The liberal bias does not stop, however, with SLU groups and institutions. It’s a large part of the atmosphere on campus. Students at SLU are expected to believe in man-made global warming, support gay marriage, and favor affirmative action. As a conservative, I simply do not fit into that box. I feel far from included politically on this campus. In fact, many of my opinions have resulted in a fair amount of social ostracism and stereotyping. For example, I am proud to say that, in regard to global warming, I think Al Gore is crazy. To me, the idea that humans can affect the weather is preposterous. Unfortunately, every climate presentation I have attended is performed with the underlying assumption that global warming (I refuse to use the politically correct “climate change”) is real. Most meteorolgy classes operate the same assumption, and if SLU pushed the “green” movement even harder, I would think it’s time to change our colors from blue and white to green and white. The same principle applies with affirmative action, but perhaps more insidiously. I believe that rewards should be based upon merit, not skin color, but unfortunately this opinion has time and time again gotten me labeled a racist and “not inclusive.” Being stereotyped in such a way really helps me feel like a part of the SLU community. Although I feel sometimes feel uncomfortable with my opinions on affirmative action and global warming, the one issue I barely discuss is gay marriage. I was born and raised a Catholic and have gone to Catholic school most of my life. Therefore, I have grown up believing that marriage should be between a man and a woman. End of story. I should not get so much flack for an opinion as simple as this, but I do. People who do not support gay marriage are often accused of denying others “civil rights” or being prejudiced. Let me be clear, I do not support the mistreatment of others based on sexual orientation. I do not treat people differently based on their orientation and rebuke those who do so. Unfortunately, this does not stop me and others who share my opinions from being falsely labeled as “prejudiced.” If you’re against affirmative action, you’re a racist. If you don’t believe in global warming, you’re denying science. If you believe in traditional marriage, you’re homophobic. How in the world does this promote inclusion? Since when is having an alternative opinion something to be ashamed of? In the end, it’s not something to be ashamed of and I no longer plan on altering my opinions to fit the whims of those around me.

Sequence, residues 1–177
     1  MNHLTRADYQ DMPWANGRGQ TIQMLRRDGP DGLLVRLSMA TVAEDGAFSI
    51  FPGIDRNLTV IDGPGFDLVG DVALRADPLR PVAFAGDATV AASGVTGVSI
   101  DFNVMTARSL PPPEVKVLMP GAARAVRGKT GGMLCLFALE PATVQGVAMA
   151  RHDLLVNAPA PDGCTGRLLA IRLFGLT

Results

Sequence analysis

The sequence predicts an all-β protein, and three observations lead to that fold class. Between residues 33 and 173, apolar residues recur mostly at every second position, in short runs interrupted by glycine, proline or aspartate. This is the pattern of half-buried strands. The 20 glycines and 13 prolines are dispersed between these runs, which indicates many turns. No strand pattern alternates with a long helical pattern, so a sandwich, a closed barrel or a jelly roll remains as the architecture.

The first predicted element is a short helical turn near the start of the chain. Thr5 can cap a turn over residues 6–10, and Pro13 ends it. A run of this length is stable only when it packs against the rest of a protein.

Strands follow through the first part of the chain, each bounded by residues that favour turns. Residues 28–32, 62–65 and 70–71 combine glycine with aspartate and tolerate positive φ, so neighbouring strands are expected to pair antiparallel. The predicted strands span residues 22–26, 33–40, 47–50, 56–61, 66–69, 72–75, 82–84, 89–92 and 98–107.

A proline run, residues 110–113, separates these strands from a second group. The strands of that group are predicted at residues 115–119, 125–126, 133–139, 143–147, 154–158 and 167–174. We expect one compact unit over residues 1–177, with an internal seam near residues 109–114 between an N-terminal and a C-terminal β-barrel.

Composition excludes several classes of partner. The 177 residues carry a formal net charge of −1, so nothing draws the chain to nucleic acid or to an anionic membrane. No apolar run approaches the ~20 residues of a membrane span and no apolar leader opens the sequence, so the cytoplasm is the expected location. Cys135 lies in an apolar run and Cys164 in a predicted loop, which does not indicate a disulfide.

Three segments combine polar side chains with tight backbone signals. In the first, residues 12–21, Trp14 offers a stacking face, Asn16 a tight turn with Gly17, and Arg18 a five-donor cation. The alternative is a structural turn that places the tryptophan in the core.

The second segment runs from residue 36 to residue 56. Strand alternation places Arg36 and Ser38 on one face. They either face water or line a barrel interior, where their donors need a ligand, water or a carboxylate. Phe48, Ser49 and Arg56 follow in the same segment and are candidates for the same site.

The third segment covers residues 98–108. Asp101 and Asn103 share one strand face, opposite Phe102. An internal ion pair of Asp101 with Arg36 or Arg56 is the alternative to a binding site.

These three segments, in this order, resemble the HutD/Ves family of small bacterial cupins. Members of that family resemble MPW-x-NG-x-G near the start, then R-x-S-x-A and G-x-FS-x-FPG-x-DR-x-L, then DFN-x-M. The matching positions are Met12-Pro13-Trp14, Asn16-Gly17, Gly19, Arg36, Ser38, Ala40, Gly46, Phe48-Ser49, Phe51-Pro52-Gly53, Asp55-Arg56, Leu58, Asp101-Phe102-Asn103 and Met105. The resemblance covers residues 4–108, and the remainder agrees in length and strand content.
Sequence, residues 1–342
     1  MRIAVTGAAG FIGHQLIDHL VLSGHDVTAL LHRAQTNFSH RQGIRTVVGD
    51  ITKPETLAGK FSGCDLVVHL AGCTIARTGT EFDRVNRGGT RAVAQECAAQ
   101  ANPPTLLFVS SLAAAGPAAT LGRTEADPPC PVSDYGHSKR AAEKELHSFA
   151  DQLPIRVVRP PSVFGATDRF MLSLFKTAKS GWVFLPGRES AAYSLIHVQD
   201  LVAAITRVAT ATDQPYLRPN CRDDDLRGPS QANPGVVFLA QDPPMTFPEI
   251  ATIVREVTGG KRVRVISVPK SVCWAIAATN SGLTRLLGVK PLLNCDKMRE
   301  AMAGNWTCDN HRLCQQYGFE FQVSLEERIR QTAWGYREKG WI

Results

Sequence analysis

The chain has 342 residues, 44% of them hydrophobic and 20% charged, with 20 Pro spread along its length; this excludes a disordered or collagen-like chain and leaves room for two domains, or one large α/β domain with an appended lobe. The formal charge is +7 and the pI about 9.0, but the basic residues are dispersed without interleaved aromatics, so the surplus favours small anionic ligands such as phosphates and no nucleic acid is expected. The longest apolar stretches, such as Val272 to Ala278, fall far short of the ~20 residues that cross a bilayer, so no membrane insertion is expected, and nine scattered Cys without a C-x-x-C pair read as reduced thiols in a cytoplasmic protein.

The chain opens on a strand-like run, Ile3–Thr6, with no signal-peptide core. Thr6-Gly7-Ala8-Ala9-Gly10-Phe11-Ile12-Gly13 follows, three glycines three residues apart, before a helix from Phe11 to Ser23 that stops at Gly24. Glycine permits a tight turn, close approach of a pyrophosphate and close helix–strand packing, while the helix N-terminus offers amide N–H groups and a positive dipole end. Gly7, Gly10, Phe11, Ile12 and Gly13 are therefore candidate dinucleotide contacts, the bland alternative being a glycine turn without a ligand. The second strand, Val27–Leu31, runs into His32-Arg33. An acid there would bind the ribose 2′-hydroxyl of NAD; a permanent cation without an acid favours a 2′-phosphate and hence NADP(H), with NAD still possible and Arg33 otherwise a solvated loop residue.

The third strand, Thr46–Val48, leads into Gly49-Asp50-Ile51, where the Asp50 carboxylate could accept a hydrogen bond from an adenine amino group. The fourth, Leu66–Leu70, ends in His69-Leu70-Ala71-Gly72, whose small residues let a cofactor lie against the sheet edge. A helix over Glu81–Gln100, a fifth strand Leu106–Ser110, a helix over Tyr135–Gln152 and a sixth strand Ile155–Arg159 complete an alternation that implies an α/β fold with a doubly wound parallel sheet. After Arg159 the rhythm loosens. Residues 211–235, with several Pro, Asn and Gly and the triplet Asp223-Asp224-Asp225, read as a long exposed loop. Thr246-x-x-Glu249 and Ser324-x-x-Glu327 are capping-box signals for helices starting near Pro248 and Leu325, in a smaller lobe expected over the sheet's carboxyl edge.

To conclude, I would like to add that I am not comparing my position in an ideological minority to that of someone in a racial or ethnic minority. It’s simply not an equal comparison. There are worse things to endure than unfair grading or disapproving glances from other students. However, I do believe that it’s important for other students to be aware of how different politcal ideologies are treated on campus. I'm sick of trying to grow in political knowledge when everyone around me is telling me that my information is false, or worse, prejudiced. SLU does so much to promote “inclusion” as long as it only includes people who are part of the majority opinion. Conservatives who support voter ID laws, a small government, capitalism are rebuked. And don’t even get me started on what happens when I reveal that I’m proud to be an American. If my identity as a proud conservative, Catholic American gets me labeled as a racist, sexist or whatever, so be it. It’s ridiculous that my opinions should make me feel excluded from the SLU community. If SLU students really want to live up to the “Oath of Inclusion,” I challenge everyone to take a second look at how their political ideology affects their status on campus and to remain open minded and “inclusive” of those they disagree with